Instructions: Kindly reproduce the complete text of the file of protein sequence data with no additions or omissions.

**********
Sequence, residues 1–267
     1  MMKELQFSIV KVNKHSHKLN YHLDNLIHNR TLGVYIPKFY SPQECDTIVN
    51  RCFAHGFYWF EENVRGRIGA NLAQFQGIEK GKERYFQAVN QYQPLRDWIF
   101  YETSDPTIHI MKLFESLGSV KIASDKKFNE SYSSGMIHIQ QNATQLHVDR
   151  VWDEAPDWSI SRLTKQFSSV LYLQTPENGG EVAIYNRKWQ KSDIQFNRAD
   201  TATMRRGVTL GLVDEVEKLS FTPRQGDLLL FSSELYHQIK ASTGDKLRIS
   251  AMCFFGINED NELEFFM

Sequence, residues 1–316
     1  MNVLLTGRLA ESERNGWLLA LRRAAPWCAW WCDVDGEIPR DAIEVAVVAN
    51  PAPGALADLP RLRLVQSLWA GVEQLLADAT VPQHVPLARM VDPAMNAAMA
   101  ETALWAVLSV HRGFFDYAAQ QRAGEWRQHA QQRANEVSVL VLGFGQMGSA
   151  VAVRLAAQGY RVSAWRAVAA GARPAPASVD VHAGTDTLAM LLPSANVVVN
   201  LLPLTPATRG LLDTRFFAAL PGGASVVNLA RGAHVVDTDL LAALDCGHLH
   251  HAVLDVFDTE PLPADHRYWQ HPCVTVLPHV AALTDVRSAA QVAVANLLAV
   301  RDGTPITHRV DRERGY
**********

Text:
Sequence, residues 1–267
     1  MMKELQFSIV KVNKHSHKLN YHLDNLIHNR TLGVYIPKFY SPQECDTIVN
    51  RCFAHGFYWF EENVRGRIGA NLAQFQGIEK GKERYFQAVN QYQPLRDWIF
   101  YETSDPTIHI MKLFESLGSV KIASDKKFNE SYSSGMIHIQ QNATQLHVDR
   151  VWDEAPDWSI SRLTKQFSSV LYLQTPENGG EVAIYNRKWQ KSDIQFNRAD
   201  TATMRRGVTL GLVDEVEKLS FTPRQGDLLL FSSELYHQIK ASTGDKLRIS
   251  AMCFFGINED NELEFFM

Sequence, residues 1–316
     1  MNVLLTGRLA ESERNGWLLA LRRAAPWCAW WCDVDGEIPR DAIEVAVVAN
    51  PAPGALADLP RLRLVQSLWA GVEQLLADAT VPQHVPLARM VDPAMNAAMA
   101  ETALWAVLSV HRGFFDYAAQ QRAGEWRQHA QQRANEVSVL VLGFGQMGSA
   151  VAVRLAAQGY RVSAWRAVAA GARPAPASVD VHAGTDTLAM LLPSANVVVN
   201  LLPLTPATRG LLDTRFFAAL PGGASVVNLA RGAHVVDTDL LAALDCGHLH
   251  HAVLDVFDTE PLPADHRYWQ HPCVTVLPHV AALTDVRSAA QVAVANLLAV
   301  RDGTPITHRV DRERGY